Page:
538 F2d 845 United States v. Poll
538 F.2d 845
76-2 USTC P 9549
UNITED STATES of America, Plaintiff-Appellee,
Stanford Robert POLL, Defendant-Appellant.
United States Court of Appeals,
June 25, 1976.
Rehearing Denied July 20, 1976.
James McGuire (argued), of Hartman & McGuire, Seattle, Wash., for defendant-appellant.
Marvin L. Gray, Jr., Asst. U. S. Atty. (argued), Seattle, Wash., for plaintiff-appellee.
Before WRIGHT and CHOY, Circuit Judges, and WHELAN,* District Judge.
CHOY, Circuit Judge:
In 1973 appellant Stanford Poll, president of P. B. Industries, Inc., directed the corporate bookkeeper to prepare a false tax return, understating the amount withheld from employees' wages during the first quarter of 1973. Poll signed the return knowing it was false.
In March, 1974, Poll was indicted for the willful failure to truthfully account for and pay over taxes withheld from employees' wages during the first quarter of 1973, in violation of 26 U.S.C. § 7202. A second count charged a similar offense as to the second quarter of 1973. Poll was tried and convicted as charged. On appeal, this court reversed the judgment and remanded the case because the district court refused to admit relevant evidence concerning the willfulness of his failure to pay over. United States v. Poll, 521 F.2d 329 (9th Cir. 1975).
The Government elected not to pursue the § 7202 charge on remand, but instead promptly secured a new indictment charging willful signing of a false tax return under penalties of perjury, in violation of 26 U.S.C. § 7206(1). The new indictment contained only one count, pertaining to the first-quarter return, because the second-quarter return was submitted unsigned. Poll was again found guilty as charged, and sentenced to four months imprisonment and a $2,500 fine.
On appeal from the second conviction, Poll raises three objections: (1) his conviction under § 7206(1) is in violation of the constitutional protection against double jeopardy; (2) the Government denied the appellant a speedy trial; and (3) the evidence was insufficient to support the conviction. We affirm.
Poll acknowledges that the Government was entitled to retry him under § 7202 after his previous conviction was reversed. He contends, however, that the subsequent prosecution under § 7206(1), an offense not joined in the first indictment, violated the double jeopardy clause of the fifth amendment. He argues that since the violations of § 7202 and § 7206(1) arose from the same criminal transaction, that of filing a false tax return, they are the "same offense" for double jeopardy purposes.
We find that Poll's right against being subjected to double jeopardy has not been violated. United States v. Ewell, 383 U.S. 116, 124-25, 86 S.Ct. 773, 15 L.Ed.2d 627 (1966), is dispositive on this issue. The Court in Ewell makes it clear that when the first conviction has been reversed and the matter remanded, the slate has been wiped clean and the Government is free to prosecute the defendant on a different statutory violation regardless if it is considered the same or a separate offense.1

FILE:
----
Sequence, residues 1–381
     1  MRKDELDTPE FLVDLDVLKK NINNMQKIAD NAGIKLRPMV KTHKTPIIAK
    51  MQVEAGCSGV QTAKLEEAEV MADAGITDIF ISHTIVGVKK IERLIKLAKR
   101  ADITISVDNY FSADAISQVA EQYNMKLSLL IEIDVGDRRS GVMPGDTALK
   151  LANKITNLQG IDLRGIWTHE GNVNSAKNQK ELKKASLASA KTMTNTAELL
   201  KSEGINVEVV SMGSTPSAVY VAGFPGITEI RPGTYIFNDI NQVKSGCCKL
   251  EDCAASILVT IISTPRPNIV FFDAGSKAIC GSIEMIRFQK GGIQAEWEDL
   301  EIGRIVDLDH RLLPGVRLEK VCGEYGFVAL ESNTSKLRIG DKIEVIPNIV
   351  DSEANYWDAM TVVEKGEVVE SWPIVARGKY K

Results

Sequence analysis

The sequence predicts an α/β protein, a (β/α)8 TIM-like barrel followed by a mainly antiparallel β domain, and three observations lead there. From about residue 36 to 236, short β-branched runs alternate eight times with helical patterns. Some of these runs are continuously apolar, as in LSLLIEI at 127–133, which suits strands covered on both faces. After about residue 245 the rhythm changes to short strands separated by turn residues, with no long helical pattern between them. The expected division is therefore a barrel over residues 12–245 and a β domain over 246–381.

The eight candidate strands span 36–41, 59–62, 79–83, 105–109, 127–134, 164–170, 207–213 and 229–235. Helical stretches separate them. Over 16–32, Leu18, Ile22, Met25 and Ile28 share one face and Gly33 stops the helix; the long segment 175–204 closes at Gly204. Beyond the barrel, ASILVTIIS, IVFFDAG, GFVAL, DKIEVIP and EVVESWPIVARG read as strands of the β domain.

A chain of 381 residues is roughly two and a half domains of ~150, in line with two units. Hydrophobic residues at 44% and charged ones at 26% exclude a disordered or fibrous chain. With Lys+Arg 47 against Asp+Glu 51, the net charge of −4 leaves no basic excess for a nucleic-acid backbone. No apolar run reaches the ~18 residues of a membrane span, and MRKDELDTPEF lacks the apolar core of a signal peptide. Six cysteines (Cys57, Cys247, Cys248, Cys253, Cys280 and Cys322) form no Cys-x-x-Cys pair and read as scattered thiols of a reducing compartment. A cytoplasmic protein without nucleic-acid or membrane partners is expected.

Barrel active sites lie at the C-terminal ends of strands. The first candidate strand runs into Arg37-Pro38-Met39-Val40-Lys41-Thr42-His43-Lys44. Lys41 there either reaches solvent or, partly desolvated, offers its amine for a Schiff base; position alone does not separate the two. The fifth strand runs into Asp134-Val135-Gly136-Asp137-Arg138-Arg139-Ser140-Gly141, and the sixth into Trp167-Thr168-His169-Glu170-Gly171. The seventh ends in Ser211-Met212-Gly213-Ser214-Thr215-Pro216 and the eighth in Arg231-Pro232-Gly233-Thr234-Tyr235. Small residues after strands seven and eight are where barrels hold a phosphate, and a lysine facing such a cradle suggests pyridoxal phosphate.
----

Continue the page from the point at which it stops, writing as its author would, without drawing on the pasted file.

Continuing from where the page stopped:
Poll further argues that the Government used the first trial as a "dry run", a tactic expressly forbidden by the Court in Ashe v. Swenson, 397 U.S. 436, 447, 90 S.Ct. 1189, 25 L.Ed.2d 469 (1970). Poll claims that the Government used the decision on the first appeal to obtain a tactical advantage in the second trial, by deciding to prosecute the defendant under a different statute carrying a lower burden of proof. Ashe is clearly distinguishable from the instant case, however, because in Ashe the defendant was acquitted in the first trial. In Ewell, the Supreme Court approved of the Government modifying its prosecution in this fashion, and the holding was not disturbed by its decision in Ashe.
Poll also argues that by approving the second trial we may be permitting the Government to circumvent the prohibition in North Carolina v. Pearce, 395 U.S. 711, 89 S.Ct. 2072, 23 L.Ed.2d 656 (1969), against retaliatory sentencing. Pearce prohibits a trial court from increasing the sentence upon retrial without explaining the change in circumstances which warrants the increase. Poll, however, is not claiming that he has received a harsher sentence upon retrial, and therefore, has no ground for complaint.
Whether a delay in prosecution amounts to an unconstitutional deprivation of sixth amendment rights depends upon the circumstances. Ewell,383 U.S. at 120, 86 S.Ct. 773. In this case, Poll's trial after the new indictment on October 7, 1975 was set for November 10, 1975. In spite of the extremely expeditious setting, Poll argues that his right to a speedy trial was violated because the Government could have sought this indictment in March of 1974, along with the original indictment.
"In these circumstances, the substantial interval between the original and subsequent indictments does not in itself violate the speedy trial provision of the Constitution." Ewell, supra, at 121, 86 S.Ct. at 777. Here, the new indictment charging violation of § 7206(1) was brought well within the applicable statute of limitation, which is usually considered the primary guarantee against bringing stale criminal charges. See id. at 122, 86 S.Ct. 773. Poll makes no claim of prejudice to the preparation of his defense. Instead, he claims that he experienced tremendous anxiety from the prolonged prosecution. The Government's conduct in this case was not oppressive and did not violate the defendant's right to a speedy trial.
Sufficiency of the Evidence
Viewing the evidence in the light most favorable to the Government, Glasser v. United States, 315 U.S. 60, 80, 62 S.Ct. 457, 86 L.Ed. 680 (1942), we find it sufficient to support the conviction.
Honorable Francis C. Whelan, United States District Judge, Central District of California, sitting by designation